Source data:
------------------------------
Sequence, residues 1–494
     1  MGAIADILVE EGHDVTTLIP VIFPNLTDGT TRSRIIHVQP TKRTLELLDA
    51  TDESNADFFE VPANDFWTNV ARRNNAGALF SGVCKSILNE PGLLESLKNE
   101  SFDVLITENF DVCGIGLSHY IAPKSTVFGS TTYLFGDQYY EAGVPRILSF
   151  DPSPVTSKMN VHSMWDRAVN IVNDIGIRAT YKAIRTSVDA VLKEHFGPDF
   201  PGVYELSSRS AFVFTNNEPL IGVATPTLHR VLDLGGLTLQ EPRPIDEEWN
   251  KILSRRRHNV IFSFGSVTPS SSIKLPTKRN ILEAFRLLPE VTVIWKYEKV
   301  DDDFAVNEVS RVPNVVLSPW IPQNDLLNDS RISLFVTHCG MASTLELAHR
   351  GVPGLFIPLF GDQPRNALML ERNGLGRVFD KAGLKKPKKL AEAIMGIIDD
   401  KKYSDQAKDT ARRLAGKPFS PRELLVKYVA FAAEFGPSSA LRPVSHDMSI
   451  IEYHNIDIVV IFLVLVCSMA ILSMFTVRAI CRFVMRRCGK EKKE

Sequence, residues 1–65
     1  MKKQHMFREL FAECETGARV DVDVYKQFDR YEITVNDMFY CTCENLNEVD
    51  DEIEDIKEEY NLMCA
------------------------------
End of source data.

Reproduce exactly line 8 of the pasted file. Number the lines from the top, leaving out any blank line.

   301  DDDFAVNEVS RVPNVVLSPW IPQNDLLNDS RISLFVTHCG MASTLELAHR